Skip to Content

A New Decade for Economic Development & Entrepreneurship in NC

As we enter into a new decade with the news that North Carolina was once again named Forbes’ Best State for Business for the third year in a row, the question at the top of our minds is simple: what’s next? 2019 was a banner year for businesses moving to or expanding in North Carolina, but how can we continue to encourage job growth and creation, entrepreneurship and innovation, and economic prosperity for all in 2020?

This week, we held two events that helped us preview the landscape ahead for North Carolina’s economic development. On Monday, we were pleased to host Anita Brown-Graham and the ncIMPACT Initiative for a focus group with business leaders to review the current status of the state’s Strategic Economic Development Plan. Among other things, Brown-Graham talked about existing challenges for economic mobility, particularly as workers seek to move up the ladder into higher-paying jobs. Business leaders in the room also had an opportunity to share feedback on the greatest challenges and opportunities they see for North Carolina’s economic development, which included finding solutions for the skilled labor shortage, continuing to strengthen the state’s competitive tax climate, and examining our regulatory climate with an eye on how it impacts our long-term infrastructure needs.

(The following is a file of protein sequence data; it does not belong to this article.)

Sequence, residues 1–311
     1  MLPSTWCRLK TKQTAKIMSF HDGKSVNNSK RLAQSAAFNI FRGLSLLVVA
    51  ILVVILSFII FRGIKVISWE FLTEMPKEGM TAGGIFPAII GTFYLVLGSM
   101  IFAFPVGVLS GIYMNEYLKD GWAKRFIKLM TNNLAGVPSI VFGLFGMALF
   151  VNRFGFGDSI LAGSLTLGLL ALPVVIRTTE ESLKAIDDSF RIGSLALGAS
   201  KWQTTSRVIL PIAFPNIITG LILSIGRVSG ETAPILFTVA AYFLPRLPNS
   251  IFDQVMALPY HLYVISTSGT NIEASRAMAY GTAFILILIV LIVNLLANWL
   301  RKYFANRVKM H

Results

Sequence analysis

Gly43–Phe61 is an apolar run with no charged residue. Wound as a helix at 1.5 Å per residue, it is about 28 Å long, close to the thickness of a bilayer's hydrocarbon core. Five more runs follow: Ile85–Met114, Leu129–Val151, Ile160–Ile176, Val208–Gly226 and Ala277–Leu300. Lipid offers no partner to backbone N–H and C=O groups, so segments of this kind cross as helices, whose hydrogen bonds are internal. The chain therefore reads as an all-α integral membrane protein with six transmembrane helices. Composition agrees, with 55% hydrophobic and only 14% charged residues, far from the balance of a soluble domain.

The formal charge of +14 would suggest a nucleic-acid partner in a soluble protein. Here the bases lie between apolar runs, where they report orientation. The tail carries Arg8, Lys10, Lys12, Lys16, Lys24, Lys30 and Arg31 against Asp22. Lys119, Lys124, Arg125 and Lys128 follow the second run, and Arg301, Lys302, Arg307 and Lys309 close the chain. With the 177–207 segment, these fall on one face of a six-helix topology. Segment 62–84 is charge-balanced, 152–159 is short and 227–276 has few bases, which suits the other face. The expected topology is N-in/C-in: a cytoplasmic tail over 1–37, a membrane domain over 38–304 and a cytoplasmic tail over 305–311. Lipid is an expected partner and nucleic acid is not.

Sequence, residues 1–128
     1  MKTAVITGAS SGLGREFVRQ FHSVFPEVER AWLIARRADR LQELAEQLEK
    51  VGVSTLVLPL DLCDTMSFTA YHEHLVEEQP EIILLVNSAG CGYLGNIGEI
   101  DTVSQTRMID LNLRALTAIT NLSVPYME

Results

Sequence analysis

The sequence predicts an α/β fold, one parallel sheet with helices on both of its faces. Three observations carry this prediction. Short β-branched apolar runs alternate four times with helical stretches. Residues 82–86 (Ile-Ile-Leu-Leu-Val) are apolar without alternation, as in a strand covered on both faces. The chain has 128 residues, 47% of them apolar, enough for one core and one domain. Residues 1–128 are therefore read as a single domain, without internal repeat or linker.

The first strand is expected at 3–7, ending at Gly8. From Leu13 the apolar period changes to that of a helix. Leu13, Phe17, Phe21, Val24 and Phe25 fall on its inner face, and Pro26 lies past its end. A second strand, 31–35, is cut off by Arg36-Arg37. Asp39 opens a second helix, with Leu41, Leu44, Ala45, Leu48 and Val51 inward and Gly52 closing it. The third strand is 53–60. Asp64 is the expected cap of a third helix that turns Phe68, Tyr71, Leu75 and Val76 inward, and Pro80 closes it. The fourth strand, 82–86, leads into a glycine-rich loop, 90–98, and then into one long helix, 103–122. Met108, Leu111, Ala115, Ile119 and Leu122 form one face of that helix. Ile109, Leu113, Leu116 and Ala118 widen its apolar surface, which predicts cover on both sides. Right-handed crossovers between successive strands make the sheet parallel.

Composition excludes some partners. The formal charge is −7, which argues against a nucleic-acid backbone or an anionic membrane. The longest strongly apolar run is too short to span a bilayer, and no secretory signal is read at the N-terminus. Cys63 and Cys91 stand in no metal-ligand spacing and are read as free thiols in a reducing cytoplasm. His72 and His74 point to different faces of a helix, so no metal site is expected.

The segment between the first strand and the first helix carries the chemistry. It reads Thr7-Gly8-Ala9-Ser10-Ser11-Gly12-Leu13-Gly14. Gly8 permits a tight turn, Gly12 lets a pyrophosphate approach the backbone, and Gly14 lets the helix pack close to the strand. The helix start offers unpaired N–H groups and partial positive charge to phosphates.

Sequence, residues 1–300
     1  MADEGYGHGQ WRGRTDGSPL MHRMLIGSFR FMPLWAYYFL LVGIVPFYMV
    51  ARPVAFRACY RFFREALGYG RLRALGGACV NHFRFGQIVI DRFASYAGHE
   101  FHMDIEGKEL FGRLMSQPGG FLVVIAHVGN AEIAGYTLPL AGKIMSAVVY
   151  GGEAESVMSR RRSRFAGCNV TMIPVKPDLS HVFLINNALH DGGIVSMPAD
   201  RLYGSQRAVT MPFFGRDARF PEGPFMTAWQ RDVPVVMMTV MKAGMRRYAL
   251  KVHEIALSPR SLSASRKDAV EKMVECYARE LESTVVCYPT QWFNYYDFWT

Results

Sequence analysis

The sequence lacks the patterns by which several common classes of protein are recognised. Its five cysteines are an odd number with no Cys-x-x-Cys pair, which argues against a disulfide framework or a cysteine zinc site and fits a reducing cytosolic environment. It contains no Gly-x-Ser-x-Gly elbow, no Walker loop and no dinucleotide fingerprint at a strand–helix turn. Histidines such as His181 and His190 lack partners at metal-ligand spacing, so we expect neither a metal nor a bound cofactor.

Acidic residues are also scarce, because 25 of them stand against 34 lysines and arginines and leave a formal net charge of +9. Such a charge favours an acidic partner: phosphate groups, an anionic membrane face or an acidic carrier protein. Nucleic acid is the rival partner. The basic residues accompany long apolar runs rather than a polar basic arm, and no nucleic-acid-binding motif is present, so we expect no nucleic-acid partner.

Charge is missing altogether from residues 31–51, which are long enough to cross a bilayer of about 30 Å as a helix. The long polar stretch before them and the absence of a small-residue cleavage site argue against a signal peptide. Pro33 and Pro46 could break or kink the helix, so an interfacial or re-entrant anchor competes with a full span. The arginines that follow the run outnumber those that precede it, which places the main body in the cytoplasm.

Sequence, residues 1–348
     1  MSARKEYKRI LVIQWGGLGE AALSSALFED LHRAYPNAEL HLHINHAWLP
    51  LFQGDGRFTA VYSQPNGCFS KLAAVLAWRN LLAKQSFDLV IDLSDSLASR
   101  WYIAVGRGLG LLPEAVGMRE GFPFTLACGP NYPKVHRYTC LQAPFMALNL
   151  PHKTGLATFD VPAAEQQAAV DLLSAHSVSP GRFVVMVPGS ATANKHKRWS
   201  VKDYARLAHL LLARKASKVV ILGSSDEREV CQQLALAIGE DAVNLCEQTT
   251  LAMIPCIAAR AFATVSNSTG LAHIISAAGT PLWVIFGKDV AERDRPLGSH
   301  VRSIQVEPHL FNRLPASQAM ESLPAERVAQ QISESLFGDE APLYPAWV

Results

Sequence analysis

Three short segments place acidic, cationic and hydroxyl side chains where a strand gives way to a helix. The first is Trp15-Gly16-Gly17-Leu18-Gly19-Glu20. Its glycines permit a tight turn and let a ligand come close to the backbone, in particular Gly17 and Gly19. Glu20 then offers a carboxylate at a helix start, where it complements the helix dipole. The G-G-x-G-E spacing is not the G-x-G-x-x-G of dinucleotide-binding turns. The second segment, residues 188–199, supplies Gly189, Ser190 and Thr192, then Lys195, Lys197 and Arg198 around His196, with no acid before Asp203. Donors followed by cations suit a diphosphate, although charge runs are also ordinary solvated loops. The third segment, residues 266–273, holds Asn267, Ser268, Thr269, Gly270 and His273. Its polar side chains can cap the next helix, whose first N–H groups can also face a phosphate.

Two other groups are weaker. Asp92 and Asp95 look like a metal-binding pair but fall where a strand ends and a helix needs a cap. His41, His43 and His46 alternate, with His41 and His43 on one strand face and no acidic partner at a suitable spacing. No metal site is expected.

Yesterday, along with the North Carolina Bankers Association, we hosted the 18th Annual Economic Forecast Forum, a gathering of our state’s leaders to preview the year ahead and discuss how North Carolina can continue to remain a leader in job retention, job creation and quality of life. We were pleased to be joined by CEO of the Economic Development Partnership of North Carolina, Chris Chung, and several other leaders for a panel called “Why North Carolina?” During their in-depth conversation, panelists agreed that the diversity of North Carolina’s top industries lends our state resiliency and is sure to help businesses weather varying economic cycles. Panelists also shared that economic development isn’t just about landing the big, newsworthy projects—it’s also about supporting entrepreneurs, growing small businesses and attracting tourism dollars to the state.

As we look ahead, we know there are several challenges on the horizon that our state must tackle if we want to continue to attract job creators, entrepreneurs and innovators. From the skills gap to our state’s pressing infrastructure needs, these challenges demand long-term, collaborative solutions, and we are excited to work with many of you as we craft an even stronger future for our state.

If you have a moment, we would love to hear about what’s on your mind as you look ahead to the new year.Please fill out this quick survey and tell us about your organization’s priorities for 2020 so we can continue to be a voice for you.